Environmental justice as a concept has evolved over the past two decades to offer new, challenging directions for social movements, public policy, and public planning. Researchers worldwide now position social equity as a building block for sustainability. Yet the relationship between social equity and the environmental aspects of sustainability has been little considered in Canada, particularly in studies and discussions focused primarily on the environment.
"Speaking for Ourselves" draws together scholars and activists - Aboriginal and non-Aboriginal, established and new - who bring equity issues to the forefront by considering environmental justice in specifically Canadian cases and contexts and from a variety of perspectives, including those of First Nations and women. The contributors expand notions of justice and the concepts involved in environmental justice beyond their European origins and limits to demonstrate new ways of working toward environmental sustainability and social justice.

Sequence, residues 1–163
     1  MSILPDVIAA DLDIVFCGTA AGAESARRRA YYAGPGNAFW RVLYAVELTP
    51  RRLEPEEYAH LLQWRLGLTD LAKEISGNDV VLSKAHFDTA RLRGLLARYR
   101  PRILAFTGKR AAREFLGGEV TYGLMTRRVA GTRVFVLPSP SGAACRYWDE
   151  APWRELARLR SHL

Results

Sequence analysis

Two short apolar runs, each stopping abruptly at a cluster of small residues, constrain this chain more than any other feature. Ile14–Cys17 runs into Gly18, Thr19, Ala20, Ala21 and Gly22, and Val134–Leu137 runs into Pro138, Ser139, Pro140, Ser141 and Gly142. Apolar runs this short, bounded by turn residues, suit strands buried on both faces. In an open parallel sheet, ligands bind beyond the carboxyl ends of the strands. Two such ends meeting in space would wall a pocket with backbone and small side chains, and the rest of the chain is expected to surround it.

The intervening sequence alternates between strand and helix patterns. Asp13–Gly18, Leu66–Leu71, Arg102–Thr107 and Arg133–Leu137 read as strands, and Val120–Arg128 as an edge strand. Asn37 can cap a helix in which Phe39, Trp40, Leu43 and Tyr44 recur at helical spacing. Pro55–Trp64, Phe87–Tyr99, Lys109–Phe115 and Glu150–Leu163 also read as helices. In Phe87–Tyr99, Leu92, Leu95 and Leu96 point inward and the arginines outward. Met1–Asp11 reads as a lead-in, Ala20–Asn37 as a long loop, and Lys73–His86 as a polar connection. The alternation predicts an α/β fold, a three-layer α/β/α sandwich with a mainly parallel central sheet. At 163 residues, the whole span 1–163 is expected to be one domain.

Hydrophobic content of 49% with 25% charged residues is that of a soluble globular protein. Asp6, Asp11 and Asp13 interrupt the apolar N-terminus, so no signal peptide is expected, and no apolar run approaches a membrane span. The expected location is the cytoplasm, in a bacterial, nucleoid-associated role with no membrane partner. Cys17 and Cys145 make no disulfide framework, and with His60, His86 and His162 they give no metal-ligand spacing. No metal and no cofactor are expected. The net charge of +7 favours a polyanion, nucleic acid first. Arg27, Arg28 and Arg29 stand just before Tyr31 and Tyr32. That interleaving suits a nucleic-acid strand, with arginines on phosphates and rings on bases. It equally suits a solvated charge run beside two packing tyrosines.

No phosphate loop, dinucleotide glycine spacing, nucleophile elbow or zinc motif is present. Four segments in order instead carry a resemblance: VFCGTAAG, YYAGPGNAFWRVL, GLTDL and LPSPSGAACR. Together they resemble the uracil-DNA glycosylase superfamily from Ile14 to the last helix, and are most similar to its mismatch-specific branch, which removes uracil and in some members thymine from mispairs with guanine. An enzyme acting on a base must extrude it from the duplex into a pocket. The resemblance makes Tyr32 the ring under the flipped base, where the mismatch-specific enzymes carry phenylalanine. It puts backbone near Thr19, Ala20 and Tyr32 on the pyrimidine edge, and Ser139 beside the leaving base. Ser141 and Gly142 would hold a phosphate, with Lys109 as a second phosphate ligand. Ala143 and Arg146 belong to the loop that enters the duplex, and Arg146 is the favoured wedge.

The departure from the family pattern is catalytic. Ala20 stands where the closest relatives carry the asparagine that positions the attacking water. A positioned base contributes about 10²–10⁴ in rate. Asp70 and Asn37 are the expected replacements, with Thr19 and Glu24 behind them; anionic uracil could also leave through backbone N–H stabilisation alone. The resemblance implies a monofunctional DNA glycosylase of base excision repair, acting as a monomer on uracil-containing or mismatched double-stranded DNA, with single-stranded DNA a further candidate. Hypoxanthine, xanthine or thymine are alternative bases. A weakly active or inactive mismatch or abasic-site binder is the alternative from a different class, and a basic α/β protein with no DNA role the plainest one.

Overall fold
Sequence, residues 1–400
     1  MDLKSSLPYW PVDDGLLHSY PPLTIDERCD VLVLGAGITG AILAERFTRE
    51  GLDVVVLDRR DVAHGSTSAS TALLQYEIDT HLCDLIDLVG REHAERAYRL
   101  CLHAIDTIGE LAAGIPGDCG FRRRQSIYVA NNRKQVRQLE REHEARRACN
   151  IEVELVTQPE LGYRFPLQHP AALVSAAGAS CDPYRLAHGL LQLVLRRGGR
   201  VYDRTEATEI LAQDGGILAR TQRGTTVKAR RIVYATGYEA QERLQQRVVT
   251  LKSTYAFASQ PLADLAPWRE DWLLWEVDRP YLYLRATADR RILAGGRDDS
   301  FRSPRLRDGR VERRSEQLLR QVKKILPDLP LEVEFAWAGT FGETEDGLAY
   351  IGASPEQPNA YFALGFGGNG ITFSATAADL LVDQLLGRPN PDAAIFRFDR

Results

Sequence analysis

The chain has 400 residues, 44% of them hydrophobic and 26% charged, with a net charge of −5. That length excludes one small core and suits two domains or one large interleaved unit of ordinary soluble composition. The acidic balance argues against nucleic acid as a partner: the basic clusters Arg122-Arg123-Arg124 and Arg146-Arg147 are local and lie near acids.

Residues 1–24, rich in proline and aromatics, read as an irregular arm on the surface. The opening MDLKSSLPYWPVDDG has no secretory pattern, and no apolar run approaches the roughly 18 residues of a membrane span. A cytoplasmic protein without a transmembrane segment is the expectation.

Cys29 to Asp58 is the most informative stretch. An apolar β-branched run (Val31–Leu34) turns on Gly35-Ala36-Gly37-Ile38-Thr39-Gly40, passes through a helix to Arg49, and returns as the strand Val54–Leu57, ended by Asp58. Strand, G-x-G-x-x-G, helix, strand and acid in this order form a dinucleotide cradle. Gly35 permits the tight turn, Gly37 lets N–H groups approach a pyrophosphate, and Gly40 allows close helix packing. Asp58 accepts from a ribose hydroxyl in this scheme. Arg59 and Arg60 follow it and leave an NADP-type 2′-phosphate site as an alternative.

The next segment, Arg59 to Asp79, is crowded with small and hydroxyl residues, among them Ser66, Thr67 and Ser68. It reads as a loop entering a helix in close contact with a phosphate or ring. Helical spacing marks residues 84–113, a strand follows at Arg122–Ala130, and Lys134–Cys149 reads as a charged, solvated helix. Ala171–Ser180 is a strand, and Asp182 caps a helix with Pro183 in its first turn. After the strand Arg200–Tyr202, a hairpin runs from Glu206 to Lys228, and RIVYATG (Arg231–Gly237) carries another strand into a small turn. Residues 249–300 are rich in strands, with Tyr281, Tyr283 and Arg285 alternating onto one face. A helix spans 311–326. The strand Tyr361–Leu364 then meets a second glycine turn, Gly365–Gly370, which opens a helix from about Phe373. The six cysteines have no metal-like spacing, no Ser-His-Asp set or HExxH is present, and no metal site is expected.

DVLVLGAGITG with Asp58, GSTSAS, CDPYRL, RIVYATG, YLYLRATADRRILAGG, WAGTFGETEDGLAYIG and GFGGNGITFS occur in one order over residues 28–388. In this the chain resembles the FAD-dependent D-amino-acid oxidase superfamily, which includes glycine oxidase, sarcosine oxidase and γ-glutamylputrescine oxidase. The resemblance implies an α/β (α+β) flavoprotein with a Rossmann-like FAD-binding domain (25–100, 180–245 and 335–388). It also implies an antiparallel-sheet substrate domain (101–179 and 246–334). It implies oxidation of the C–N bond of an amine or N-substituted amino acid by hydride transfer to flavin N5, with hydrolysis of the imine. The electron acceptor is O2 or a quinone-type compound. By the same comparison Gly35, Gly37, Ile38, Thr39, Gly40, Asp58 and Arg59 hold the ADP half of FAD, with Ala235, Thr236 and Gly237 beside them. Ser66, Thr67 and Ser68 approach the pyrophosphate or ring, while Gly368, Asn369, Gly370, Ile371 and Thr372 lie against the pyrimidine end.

This innovative, engaging collection gives a voice to multiple perspectives on environmental justice and its construction in Canada. As the first major examination of the multidimensionality of environmental equity and injustice, it will appeal to scholars across a wide range of disciplines in the social and environmental sciences and to activists and citizens who want to make Canadian society more just and sustainable.